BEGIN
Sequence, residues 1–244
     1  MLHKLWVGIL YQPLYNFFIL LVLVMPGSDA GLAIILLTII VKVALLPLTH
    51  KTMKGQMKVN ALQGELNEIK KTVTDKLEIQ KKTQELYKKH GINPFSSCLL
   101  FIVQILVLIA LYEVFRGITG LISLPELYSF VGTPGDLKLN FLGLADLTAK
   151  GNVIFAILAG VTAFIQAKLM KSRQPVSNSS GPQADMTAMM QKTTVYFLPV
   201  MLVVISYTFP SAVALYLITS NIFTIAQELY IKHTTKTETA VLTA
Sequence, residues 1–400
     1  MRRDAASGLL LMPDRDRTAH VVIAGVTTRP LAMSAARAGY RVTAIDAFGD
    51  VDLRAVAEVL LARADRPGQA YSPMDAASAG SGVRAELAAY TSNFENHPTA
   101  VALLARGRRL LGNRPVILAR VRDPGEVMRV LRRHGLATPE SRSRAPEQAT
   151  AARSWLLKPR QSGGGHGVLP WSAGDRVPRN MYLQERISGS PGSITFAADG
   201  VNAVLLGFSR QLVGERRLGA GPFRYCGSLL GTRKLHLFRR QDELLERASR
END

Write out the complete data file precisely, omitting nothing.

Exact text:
Sequence, residues 1–244
     1  MLHKLWVGIL YQPLYNFFIL LVLVMPGSDA GLAIILLTII VKVALLPLTH
    51  KTMKGQMKVN ALQGELNEIK KTVTDKLEIQ KKTQELYKKH GINPFSSCLL
   101  FIVQILVLIA LYEVFRGITG LISLPELYSF VGTPGDLKLN FLGLADLTAK
   151  GNVIFAILAG VTAFIQAKLM KSRQPVSNSS GPQADMTAMM QKTTVYFLPV
   201  MLVVISYTFP SAVALYLITS NIFTIAQELY IKHTTKTETA VLTA
Sequence, residues 1–400
     1  MRRDAASGLL LMPDRDRTAH VVIAGVTTRP LAMSAARAGY RVTAIDAFGD
    51  VDLRAVAEVL LARADRPGQA YSPMDAASAG SGVRAELAAY TSNFENHPTA
   101  VALLARGRRL LGNRPVILAR VRDPGEVMRV LRRHGLATPE SRSRAPEQAT
   151  AARSWLLKPR QSGGGHGVLP WSAGDRVPRN MYLQERISGS PGSITFAADG
   201  VNAVLLGFSR QLVGERRLGA GPFRYCGSLL GTRKLHLFRR QDELLERASR